A Fine Mess

In the last few weeks, we've spent most of our time inspecting new or nearly-new houses, where the homeowners have discovered all manner of problems. Some of the houses have leaky roofs; some have leaky walls. Many have leaky doors and windows. We found one house where the heat-and-air ducts had been scrambled. Ducts that should have been blowing air were sucking air, and vice versa. The family had been living for three years without any heating or cooling in their kitchen, wondering why the kitchen got so hot in the summer.

We've found underlapped wall sheathing. Underlapping sheathing has the same effect as putting roof shingles on backwards. Any water that gets into the walls-and water does get into walls-will run into the house, rather than weeping out through the siding.

Last week, we cut into a wall of a nearly-new house, and found that the brick veneer wasn't tied to the wall, the one-inch air space behind the brick was filled with mortar, and there was no water-repellent building paper on the wall sheathing. All those details-brick ties, a clear one-inch air space, and building paper-have been required by local building codes for at least a decade. The same house has a 14 X 18 foot garage that's supposed to hold two cars. Well, it might hold two Mini Coopers. I don't think anything bigger would fit.

These defects aren't isolated to just a few houses. From what we've seen, most of the houses in these neighborhoods have the same, or similar, problems. It gets worse: The defects aren't even isolated to a few neighborhoods. We keep finding the same things in everything from starter homes to million-dollar mansions.

Every day, somebody asks me how new construction fell to this sorry state. Well, I don't have a perfect answer. But right here and now, I'm going to take a few guesses. First, building tract houses is a competitive business, and many of the details that make a high-quality house don't show. That means important details get left out, or, at best, get done on the cheap.

If you're a builder, and you commit the time, money, and manpower to do a perfect brick-veneer job, flash every window and door, and use skilled labor to install roofs and flashings, your house will be a lot more expensive than your competitor's house across the street. But Joe and Jill Homebuyer won't be able to see a bit of difference between your carefully-built house and your competitor's soon-to-be-leaking gimcrack house. They'll buy the house across the street.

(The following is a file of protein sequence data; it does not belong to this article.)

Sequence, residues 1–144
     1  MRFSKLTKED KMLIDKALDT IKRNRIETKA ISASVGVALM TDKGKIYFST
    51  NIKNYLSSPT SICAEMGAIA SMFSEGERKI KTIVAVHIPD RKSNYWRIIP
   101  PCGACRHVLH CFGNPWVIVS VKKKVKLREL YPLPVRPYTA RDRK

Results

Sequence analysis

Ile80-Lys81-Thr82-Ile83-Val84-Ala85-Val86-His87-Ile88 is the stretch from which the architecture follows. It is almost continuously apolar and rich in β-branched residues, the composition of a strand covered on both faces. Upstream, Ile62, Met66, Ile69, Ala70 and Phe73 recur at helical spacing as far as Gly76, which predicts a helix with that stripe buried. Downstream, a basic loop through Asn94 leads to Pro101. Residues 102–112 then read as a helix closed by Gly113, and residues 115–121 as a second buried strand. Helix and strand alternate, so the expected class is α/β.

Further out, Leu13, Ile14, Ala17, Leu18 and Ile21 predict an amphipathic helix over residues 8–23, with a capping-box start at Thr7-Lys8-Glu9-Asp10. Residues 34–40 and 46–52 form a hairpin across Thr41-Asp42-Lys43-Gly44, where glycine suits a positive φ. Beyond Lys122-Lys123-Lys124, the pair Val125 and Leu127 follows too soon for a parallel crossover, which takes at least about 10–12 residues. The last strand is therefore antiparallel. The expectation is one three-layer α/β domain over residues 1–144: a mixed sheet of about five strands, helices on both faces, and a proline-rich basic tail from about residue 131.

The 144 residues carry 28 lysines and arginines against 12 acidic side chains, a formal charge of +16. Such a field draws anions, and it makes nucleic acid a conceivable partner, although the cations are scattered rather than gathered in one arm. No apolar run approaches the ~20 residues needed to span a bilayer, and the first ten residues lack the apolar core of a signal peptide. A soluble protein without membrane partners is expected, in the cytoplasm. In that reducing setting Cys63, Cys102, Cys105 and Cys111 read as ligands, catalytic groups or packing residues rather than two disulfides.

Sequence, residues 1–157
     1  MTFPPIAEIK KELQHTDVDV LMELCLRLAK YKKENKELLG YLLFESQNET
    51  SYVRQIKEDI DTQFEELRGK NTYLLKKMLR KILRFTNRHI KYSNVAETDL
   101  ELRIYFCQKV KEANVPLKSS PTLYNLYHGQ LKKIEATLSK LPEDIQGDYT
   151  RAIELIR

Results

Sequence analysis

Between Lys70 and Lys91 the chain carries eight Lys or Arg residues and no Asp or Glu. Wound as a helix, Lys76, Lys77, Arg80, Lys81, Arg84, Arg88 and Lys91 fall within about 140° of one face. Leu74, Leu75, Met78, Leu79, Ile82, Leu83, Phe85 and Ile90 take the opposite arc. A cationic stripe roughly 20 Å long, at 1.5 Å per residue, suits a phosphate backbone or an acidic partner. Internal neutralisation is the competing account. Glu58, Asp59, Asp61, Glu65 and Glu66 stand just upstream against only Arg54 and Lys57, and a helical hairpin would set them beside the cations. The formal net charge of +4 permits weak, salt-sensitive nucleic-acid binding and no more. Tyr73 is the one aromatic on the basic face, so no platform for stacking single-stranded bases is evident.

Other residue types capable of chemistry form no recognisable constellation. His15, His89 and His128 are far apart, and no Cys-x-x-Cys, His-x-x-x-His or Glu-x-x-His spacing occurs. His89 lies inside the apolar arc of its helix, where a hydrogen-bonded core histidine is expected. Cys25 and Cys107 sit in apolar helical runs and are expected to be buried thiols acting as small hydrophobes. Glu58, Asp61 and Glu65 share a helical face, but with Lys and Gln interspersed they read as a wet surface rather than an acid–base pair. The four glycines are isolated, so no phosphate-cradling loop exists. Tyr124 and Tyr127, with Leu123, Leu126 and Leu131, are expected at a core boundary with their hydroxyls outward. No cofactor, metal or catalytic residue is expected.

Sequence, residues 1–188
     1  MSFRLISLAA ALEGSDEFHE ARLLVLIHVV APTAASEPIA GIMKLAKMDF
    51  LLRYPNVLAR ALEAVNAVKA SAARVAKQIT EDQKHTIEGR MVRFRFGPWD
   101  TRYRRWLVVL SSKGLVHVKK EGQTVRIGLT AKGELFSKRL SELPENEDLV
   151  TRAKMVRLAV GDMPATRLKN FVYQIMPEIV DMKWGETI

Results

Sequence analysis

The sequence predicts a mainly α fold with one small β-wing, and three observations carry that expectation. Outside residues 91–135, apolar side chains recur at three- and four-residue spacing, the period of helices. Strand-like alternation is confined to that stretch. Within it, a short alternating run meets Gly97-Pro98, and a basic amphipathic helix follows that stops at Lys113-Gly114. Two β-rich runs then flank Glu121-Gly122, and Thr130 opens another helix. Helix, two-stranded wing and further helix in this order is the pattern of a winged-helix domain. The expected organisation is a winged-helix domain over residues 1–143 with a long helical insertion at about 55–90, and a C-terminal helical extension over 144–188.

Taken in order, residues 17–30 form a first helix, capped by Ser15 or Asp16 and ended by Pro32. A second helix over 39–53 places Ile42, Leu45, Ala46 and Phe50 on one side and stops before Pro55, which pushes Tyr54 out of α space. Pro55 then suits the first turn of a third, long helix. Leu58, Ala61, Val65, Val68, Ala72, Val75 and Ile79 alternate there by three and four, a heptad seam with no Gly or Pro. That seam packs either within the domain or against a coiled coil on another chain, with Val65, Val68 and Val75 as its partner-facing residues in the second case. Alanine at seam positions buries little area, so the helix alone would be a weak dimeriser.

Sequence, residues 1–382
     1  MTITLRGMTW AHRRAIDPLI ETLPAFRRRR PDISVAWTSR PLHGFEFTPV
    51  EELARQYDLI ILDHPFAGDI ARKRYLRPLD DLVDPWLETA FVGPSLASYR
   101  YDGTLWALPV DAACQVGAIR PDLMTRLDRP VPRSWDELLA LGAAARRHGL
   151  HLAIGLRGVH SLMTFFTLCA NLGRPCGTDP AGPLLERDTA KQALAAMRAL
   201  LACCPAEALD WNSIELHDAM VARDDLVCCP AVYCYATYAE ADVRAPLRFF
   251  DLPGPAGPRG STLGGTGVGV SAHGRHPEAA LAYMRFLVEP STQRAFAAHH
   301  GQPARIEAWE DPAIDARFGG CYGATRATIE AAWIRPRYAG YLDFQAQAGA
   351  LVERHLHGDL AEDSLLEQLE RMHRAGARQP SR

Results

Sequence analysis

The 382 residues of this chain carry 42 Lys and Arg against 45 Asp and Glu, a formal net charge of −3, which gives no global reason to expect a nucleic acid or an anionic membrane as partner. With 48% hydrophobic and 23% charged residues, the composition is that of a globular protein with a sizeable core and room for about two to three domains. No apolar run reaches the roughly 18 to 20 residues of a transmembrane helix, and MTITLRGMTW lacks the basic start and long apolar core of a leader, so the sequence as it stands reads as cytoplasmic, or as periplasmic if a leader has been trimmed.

From what I can see, there's not much good communication between the building supervisors and the laborers. No offense to anybody, but until the supervisors become fluent in Spanish, and/or the laborers learn to speak English, there's going to be a communication problem. More and more building materials come with Spanish installation instructions. That's good. But how many Spanish-speaking laborers can and do read the instructions? I don't know, but from the defects I've seen lately, I'd say it's a rare day when anybody reads the instructions. Common sense says that when people don't follow the instructions, the results will be poor.

Now, mix in the fact that many, if not most, local codes inspectors are overworked, undertrained, and underpaid. They don't have time to check the critical waterproofing details. They're lucky if they have enough time to look at the foundation, wiring, and plumbing. They're running on fumes, and counting on the builders to enforce the building code on themselves.

The bottom line is, building code enforcement is somewhere between non-existent and spotty. A while back, I asked the head codes enforcement guys in two separate towns to simply tell me what code they were enforcing. Neither of them knew. One of them just made something up-he told me he was enforcing a code that never existed.

The way I see it, new-house construction won't get any better until the building code is uniformly, and strictly, enforced. That's the only way I know to stop builders from trying to out-cheap and out-short-cut each other. It's the only way I know to force builders to develop better communication between the supervisors and the laborers.

I know some of you are thinking: "Why don't some of you private home inspection companies get in on the enforcement?" Well, lots of reasons: The codes enforcement agencies don't have enough money now. Where would they get the money to pay us? Unless the government somehow "deputized" private inspection companies, we'd have no power to shut down a shoddy construction project. There would be serious friction between us and the builders. More-detailed inspection means disruption on the job site. If we go crawling over every scaffold looking for brick ties and through-wall flashings, the bricklayers are going to spend a lot of time not working.

Until somebody starts enforcing the building code, people are going to get stuck with substandard houses. Getting good code enforcement is a political issue, not a building issue. I'd suggest that some of you homebuying folks talk to your representatives, and see if you can get something done.